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Slopestyle skier Devin Logan is leading her sport as it debuts at the Winter Olympics this week. So far, snowboarders have garnered much of the attention when it comes to slopestyle. Well, Logan and her freestyle skiing teammates twist and soar, too. NPR's Sam Sanders met up with Devin Logan, who competes tomorrow.

SAM SANDERS, BYLINE: How you feeling?

DEVIN LOGAN: Oh, I'm feeling pretty good, yeah.

SANDERS: I've been following Devin Logan around Sochi for a few days now. The first time we sat down was on a chair lift during a training session in the mountains.

LOGAN: Yeah, hold tight. You're find till we try to get off. Hopefully, they'll slow it down for you.

SANDERS: On the way up, Devin said being at the Olympics was still kind of surreal.

LOGAN: It's just still so, like, out of my head, you know. I still can't believe that I'm skiing in Russia. Like, I'm on the U.S. free skiing team. Like, it's so insane to me.

SANDERS: It's not really insane that she's here. Devin Logan's been around sports since, well, she's always been around sports.

LOGAN: My mom had me and was coaching my sister's soccer games and pushing me around in the stroller on the sidelines.

(SOUNDBITE OF CHEERING)

SANDERS: We spoke again walking through one of the Olympic villages. She had a little time to kill before a TV appearance. Devin talked about being the youngest of five kids growing up on Long Island, always wanting to be on the snow, just like her brothers. They both became professional skiers as well. Devin says she tried all kinds of skiing.

LOGAN: And I even did acro-skiing. It's like ballet skiing. You, like, dance to music, basically, on snow. And I did it to "Little Mermaid," "Under The Sea," when I was 6 years old.

SANDERS: In just a few years, her family knew this was getting serious, but money was tight.

LOGAN: My parents basically sat me down in seventh grade and were like, well, this costs a lot of money, like are you all in or are you gonna just, like, half-ass it. Like, we need to know, like, how committed are you.

SANDERS: Devin ended up moving to Vermont to ski and train more and it paid off. Devin has a good chance of medaling in ski slopestyle tomorrow. Okay. Quickly. What exactly is slopestyle? Well, you can do it on skis or a snowboard. It's a downhill course with big jumps and several rails or jibs. Those are things you can ride over or slide down. It's like a big skate park with snow.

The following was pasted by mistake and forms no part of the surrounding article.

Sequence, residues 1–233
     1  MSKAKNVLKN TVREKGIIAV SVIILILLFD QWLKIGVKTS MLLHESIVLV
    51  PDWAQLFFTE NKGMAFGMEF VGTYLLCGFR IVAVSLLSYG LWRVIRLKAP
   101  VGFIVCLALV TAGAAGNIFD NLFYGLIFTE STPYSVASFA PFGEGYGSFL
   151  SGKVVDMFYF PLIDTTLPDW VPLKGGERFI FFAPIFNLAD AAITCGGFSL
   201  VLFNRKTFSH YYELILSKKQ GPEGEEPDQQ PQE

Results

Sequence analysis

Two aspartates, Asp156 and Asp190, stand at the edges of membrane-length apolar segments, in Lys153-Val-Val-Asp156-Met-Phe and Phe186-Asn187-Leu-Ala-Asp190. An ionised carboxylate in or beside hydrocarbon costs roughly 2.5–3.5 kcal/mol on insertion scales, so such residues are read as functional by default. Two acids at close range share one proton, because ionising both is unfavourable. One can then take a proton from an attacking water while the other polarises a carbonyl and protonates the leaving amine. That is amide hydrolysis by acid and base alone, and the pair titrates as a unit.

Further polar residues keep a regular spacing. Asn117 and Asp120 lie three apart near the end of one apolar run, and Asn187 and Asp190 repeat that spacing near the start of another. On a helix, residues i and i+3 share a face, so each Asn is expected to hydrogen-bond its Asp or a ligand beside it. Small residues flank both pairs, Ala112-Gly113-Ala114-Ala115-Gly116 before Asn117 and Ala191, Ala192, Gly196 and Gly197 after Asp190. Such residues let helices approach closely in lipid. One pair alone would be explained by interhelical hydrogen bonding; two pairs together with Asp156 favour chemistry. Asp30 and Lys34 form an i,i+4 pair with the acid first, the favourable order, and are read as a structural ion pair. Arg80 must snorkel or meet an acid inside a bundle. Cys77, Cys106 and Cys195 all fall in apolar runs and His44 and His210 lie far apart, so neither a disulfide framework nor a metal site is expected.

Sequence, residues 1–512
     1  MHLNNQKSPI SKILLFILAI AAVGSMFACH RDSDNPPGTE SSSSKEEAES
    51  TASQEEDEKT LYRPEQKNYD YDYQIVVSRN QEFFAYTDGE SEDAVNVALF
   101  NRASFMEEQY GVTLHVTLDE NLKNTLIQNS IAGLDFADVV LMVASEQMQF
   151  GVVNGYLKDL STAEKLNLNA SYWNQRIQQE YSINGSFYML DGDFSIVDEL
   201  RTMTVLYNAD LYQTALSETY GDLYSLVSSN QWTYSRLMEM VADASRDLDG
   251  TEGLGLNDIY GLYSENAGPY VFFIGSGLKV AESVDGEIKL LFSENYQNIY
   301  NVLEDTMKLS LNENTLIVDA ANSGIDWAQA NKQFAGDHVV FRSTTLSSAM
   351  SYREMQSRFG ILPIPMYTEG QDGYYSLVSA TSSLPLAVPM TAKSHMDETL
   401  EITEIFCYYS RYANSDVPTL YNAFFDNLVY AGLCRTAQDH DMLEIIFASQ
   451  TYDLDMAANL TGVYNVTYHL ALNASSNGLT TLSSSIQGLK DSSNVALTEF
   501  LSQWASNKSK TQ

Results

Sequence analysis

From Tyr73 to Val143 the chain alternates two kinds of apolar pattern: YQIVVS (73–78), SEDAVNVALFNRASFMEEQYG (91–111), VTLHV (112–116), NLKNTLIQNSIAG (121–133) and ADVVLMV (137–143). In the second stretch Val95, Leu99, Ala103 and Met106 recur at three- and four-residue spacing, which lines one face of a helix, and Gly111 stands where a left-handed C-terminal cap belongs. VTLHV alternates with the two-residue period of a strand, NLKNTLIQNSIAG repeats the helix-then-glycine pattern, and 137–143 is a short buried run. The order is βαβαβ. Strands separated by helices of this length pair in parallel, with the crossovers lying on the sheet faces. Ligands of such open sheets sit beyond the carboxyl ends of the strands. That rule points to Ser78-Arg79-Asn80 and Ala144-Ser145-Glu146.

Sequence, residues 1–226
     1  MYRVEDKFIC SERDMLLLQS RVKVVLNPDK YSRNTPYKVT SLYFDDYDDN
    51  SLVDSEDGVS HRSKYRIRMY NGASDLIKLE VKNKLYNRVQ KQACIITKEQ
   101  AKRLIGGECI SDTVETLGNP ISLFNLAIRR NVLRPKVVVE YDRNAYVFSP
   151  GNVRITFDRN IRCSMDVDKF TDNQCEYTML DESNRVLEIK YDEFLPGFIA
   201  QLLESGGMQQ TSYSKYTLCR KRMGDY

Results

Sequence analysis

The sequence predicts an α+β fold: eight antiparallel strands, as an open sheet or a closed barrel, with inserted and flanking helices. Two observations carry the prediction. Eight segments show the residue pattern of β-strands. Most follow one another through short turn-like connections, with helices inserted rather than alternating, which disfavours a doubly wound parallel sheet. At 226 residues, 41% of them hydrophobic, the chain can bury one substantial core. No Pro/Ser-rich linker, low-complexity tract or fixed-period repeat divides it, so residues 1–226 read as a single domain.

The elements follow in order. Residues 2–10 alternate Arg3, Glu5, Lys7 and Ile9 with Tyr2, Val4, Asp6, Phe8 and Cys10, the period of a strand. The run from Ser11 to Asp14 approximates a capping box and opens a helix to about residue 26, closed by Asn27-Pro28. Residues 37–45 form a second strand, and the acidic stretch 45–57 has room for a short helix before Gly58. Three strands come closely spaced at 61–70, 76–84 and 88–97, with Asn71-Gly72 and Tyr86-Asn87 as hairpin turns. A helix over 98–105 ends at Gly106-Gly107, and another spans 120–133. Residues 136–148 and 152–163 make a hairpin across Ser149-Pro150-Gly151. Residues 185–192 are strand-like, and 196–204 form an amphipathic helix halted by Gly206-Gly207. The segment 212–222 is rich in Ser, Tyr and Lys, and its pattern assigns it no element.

Some athletes have called the slopestyle courses in Sochi dangerous, but Devin says she's not worried.

LOGAN: The course isn't all that bad. I mean, what we do is scary in general, but we know how to do it. I mean, walking across the street can be dangerous.

SANDERS: Devin Logan has all of the strength and drive of a world class athlete, all of the will to win. It just seems to be wrapped up in a big bundle of cool. Her mother, Nancy Logan, on the other hand, is, as they say, pretty stoked. She arrived in Sochi today, just in time for Devin's competition tomorrow.

NANCY LOGAN: Oh, my goodness. It's been 15 years since I've been on a plane.

SANDERS: What was that like?

LOGAN: Scary. I'm not a great flier, but we did it. We did it.

SANDERS: Right before heading off to watch Devin train, Nancy Logan talked about what it took - besides talent - to get Devin to the Olympics.

LOGAN: She went out and she raised money on her own. We had fundraisers through my store. Her sisters helped. Her father helped. Her grandparents helped.

SANDERS: Nancy owns her own business in Vermont, Wilmington Candle Company. But over the years, when that hasn't been enough, she's done more.

LOGAN: You know, I clean on the side. You know, condos, houses. It helps.

SANDERS: Nancy doesn't make a big deal about this. She does what she needs to.

LOGAN: Whatever you do, whether I'm cleaning condos or making a candle, whatever, you do it the best you can do it. You know, there's no regrets.

SANDERS: Devin will compete in a matter of hours and she'll actually turn 21 just a few days after that, during the Olympics. She plans to celebrate right in the athletes' village. She might have a beer or two, she says, maybe a little Russian vodka. Nothing too crazy. Win or lose tomorrow, she's planning on having a good time. Like her mother says, no regrets. Sam Sanders, NPR News, Sochi.

(SOUNDBITE OF MUSIC)

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